NFL Wives and Post-Career Trauma

By

From The New York Times
By Alan Schwarz

ANNAPOLIS, Md., March 9 — The night that Sylvia Mackey and Eleanor Perfetto first met, back in October at a Baltimore Ravens reception for former National Football League players and their families, their connection was immediate. As she sat on a couch with her husband, Mrs. Mackey watched Dr. Perfetto cradle the hand of her husband as he blankly shuffled across the floor toward the Mackeys.

“Your husband has dementia,” Mrs. Mackey said.

“Yours does, too,” Dr. Perfetto replied.

“We both just knew,” Dr. Perfetto recalled on Friday, when the two visited the assisted-living facility where Dr. Perfetto’s husband, Ralph Wenzel, resides. Mrs. Mackey quickly added, “You can see it in the wives’ faces just like the husbands’.”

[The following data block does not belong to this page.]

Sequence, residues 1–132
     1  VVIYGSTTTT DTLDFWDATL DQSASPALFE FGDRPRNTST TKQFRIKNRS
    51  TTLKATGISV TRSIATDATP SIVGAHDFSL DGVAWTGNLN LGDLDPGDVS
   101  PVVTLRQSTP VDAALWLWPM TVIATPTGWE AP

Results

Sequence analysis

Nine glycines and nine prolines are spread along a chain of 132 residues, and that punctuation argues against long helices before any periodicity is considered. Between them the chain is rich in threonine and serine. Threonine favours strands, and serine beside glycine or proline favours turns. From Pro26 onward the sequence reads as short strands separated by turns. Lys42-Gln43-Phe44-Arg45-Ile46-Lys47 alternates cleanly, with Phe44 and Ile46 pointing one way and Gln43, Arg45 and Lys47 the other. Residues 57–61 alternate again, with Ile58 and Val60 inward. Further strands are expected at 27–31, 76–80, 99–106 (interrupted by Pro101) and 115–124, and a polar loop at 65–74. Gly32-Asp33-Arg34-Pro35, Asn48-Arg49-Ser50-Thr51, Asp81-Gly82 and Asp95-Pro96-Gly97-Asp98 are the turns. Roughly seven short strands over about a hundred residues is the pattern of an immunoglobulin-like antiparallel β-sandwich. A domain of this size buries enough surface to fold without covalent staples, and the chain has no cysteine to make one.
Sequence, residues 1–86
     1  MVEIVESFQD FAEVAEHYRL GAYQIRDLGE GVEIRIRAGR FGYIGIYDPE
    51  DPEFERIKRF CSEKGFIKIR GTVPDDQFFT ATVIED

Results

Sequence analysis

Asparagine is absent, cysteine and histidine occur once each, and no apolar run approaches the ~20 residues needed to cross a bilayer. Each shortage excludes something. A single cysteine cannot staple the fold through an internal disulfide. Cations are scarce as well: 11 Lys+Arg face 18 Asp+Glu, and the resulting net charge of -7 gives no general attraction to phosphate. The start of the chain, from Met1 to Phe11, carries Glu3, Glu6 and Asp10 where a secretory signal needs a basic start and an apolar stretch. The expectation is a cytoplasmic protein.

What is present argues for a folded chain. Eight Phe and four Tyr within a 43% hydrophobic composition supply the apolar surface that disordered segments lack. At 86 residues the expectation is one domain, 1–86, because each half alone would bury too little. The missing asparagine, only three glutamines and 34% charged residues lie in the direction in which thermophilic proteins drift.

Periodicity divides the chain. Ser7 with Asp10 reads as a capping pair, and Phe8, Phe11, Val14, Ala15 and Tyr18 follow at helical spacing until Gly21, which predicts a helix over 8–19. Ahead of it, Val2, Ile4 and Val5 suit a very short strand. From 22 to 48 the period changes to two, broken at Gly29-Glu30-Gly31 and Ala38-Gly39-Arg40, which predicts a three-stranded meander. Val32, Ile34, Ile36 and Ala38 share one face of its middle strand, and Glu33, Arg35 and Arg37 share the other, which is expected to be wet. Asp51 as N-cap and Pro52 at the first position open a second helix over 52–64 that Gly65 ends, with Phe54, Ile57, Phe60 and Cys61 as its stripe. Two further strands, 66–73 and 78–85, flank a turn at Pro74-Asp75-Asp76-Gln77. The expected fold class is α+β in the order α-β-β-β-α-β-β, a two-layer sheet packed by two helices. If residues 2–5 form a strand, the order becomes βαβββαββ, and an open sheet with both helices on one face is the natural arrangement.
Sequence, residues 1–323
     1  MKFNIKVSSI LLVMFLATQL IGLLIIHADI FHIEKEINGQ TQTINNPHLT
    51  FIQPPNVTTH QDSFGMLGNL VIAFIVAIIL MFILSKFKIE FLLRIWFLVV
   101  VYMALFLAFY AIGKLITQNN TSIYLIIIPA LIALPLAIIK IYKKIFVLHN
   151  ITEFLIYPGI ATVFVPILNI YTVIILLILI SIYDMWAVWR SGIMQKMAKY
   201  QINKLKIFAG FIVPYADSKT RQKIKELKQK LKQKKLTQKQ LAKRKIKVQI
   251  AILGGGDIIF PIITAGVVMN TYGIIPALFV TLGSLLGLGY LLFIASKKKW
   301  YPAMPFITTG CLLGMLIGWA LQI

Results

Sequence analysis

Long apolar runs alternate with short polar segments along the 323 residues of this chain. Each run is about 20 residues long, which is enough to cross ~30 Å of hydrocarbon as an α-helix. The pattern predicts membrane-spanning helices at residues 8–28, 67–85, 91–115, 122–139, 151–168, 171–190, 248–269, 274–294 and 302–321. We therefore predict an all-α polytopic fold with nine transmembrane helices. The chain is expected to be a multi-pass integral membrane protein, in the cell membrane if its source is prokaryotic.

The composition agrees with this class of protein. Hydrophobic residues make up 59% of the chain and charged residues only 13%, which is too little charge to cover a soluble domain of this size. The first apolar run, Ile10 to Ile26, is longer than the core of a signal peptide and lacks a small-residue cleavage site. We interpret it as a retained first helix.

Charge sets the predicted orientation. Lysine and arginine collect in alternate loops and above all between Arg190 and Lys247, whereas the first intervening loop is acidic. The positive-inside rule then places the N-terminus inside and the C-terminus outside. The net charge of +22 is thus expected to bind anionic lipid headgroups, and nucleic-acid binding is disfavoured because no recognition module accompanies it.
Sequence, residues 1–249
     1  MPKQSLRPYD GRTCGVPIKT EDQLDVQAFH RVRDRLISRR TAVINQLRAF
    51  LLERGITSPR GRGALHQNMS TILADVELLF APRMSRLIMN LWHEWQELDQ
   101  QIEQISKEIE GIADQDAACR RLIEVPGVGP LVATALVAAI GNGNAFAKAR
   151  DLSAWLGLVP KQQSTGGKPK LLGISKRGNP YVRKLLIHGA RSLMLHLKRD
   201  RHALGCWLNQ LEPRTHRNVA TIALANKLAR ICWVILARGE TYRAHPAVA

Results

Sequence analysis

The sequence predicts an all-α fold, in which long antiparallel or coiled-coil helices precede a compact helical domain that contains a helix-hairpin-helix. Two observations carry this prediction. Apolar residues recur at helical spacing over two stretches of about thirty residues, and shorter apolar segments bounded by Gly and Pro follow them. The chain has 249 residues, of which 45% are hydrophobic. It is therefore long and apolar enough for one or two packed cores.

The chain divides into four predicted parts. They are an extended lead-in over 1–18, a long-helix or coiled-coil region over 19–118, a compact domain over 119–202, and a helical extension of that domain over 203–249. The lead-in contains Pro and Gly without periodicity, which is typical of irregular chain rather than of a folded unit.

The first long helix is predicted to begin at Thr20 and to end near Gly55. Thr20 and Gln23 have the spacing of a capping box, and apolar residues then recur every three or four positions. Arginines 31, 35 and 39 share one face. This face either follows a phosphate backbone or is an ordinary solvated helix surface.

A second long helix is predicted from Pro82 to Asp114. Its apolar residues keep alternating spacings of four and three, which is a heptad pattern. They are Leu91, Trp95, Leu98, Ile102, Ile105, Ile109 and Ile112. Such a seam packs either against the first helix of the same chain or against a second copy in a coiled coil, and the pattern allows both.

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Tango’s Take
Another feel good story from your friends at Tango. While this story is not 100% apropos to our subject matter, it does bring up questions about care for invalid spouses, particularly prematurely invalid ones. This is a solid move by the NFL; they make sure to avoid some culpability, but take care of their own. A comparison has often been made between football players and gladiators. Gladiators had the comfort of knowing that they would likely die in the arena and not suffer these problems. Gladiators also knew that if they didn’t watch it, some other gladiator might try to get frisky in the baths. So there are pros and cons of football and gladiatorial careers.